All property owners within Business Improvement Districts now must participate
Property owners within Business Improvement Districts will no longer be allowed to opt out from participation once these are established, now that new state legislation has been adopted as part of an economic development bill.
But the legislation also offers protection to all property owners by mandating renewals every five years to ensure that they are accruing the services such districts are designed to provide.
“The main benefit of this (legislation) is it treats the downtown as a whole,” said Alex Krogh-Grabbe, the executive director of Amherst’s BID. “It is much more efficient to talk about the whole downtown.”
While Amherst had what Krogh-Grabbe said is a “very high participation rate,” 21 of 92 property owners, representing about 15 percent of the property valuation, opted out from participation.
Daniel Yacuzzo, executive director of the Northampton BID, said even with a number of property owners not participating, they still get the perks offered.
“We provide general service for the downtown,” Yacuzzo said. “We don’t light the trees during the holidays based on who pays and who doesn’t.”
Even before Northampton’s BID became official, Alan Scheinman, David Pesuit and Eric Suher filed a lawsuit against the city for how it was established.
The legislation went into effect Aug. 7 after being passed through the legislature and then signed by Gov. Deval Patrick.
Ann Burke, vice president of the Economic Development Council of Western Massachusetts, said the legislation is sensible as the services being provided, from snow removal and landscaping to the holiday lights, are virtually impossible to carve out and deny to those not participating.
“People were getting services but not carrying their fair share,” said Burke. This is consistent with the way such districts throughout the United States and in other countries are created. Opt out provisions have been unique to Massachusetts.
The bigger concern, though, from BIDs that have existed for several years was that they were beginning to lose properties as they changed hands, reducing income and diminishing services, Burke said.
Though BIDS are formed by petition from 60 percent of property owners, with at least 50 percent of assessed value, and vote by an elected council, there has never been a mechanism for checking on their health. Burke said the legislation ensures a period where property owners will look back and be able to determine if the BID is performing up to the expectations envisioned.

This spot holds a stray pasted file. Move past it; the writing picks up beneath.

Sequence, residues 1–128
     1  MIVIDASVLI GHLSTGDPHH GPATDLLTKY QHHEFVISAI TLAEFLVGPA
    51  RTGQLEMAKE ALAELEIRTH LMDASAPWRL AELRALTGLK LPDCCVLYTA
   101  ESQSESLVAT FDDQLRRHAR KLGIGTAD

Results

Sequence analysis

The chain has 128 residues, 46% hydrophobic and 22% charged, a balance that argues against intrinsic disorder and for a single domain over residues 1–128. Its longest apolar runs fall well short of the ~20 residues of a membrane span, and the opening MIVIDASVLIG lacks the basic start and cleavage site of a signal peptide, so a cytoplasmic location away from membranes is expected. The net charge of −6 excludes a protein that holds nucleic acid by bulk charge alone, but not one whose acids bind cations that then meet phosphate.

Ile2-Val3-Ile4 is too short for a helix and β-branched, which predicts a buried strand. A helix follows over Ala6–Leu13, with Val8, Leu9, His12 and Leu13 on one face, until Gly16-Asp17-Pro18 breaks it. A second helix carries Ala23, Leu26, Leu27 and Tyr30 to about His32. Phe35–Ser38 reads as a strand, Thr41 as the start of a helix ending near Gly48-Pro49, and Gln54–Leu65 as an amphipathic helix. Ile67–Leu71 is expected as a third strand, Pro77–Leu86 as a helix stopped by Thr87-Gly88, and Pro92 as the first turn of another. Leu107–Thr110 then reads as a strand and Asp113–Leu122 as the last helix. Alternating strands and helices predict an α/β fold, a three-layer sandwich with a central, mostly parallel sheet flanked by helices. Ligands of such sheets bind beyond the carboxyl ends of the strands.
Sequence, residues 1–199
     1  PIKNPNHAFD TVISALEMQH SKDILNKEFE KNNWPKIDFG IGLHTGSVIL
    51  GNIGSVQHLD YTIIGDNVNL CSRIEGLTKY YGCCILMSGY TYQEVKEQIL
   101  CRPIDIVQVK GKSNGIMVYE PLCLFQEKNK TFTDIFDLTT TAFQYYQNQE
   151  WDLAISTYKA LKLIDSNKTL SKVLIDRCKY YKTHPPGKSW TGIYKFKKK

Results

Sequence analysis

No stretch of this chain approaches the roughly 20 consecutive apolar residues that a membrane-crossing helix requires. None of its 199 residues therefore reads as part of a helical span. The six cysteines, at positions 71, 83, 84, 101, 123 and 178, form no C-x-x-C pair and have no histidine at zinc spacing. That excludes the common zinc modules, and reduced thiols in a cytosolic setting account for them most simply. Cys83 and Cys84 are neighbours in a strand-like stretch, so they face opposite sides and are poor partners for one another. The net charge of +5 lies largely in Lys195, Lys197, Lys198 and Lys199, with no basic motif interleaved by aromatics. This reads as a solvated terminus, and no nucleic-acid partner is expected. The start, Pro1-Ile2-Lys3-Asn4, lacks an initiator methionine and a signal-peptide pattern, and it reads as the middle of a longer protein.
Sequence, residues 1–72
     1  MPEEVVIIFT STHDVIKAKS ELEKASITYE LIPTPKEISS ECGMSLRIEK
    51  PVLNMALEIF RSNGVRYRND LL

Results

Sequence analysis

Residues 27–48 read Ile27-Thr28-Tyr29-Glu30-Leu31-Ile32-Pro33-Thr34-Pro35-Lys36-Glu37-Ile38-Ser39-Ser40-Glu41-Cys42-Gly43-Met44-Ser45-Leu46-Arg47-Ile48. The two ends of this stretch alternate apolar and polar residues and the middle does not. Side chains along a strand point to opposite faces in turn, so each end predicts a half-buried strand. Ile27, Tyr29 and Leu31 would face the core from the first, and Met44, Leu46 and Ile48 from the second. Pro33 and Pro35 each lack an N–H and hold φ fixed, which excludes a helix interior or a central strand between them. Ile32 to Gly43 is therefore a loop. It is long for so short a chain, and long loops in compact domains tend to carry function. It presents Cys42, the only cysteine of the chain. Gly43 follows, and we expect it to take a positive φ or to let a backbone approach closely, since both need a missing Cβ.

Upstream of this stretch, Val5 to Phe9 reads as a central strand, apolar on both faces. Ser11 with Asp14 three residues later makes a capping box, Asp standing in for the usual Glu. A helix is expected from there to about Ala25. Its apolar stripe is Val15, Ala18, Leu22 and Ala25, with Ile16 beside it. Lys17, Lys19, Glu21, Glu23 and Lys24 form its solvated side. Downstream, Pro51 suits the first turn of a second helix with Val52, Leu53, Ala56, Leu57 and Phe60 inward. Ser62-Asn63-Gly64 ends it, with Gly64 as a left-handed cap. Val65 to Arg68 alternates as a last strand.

“This increases incentives for us to be productive and meet the return on the investment that people want,” Krogh-Grabbe said.
He said he will be meeting with the BID board of directors in early November to plan for a renewal vote, which is being considered for mid winter or early spring 2013.
In Northampon, Yacuzzo said a similar approach is being used for renewal of the BID that has existed for just over three years.
“We are giving full consideration to an outreach campaign to the downtown property owners, but specifically to the property owners who have been in good standing,” Yacuzzo said.
The should also bring in additional revenue. Krogh-Grabbe said the $260,000 budget for Amherts’s BID would increase to around $300,000.
“We understand the opt outs will not be happy about this, but we want people to feel good about the BID,” Krogh-GRabbe said.
Yacuzzo said the $300,000 annually collected in fees will be given a boost and property owners should have concerns alleviated.
“Attrition can become so great that services start to be threatened,” Yacuzzo said.
Burke said besides maintaining a predictable and sustainable budget, she believes the legislation should help other cities form BIDs and could help eliminate the divisiveness that can sometimes continue even after a district is in place.
“We’re really looking forward to being one community, one Business Improvement District,” Yacuzzo said.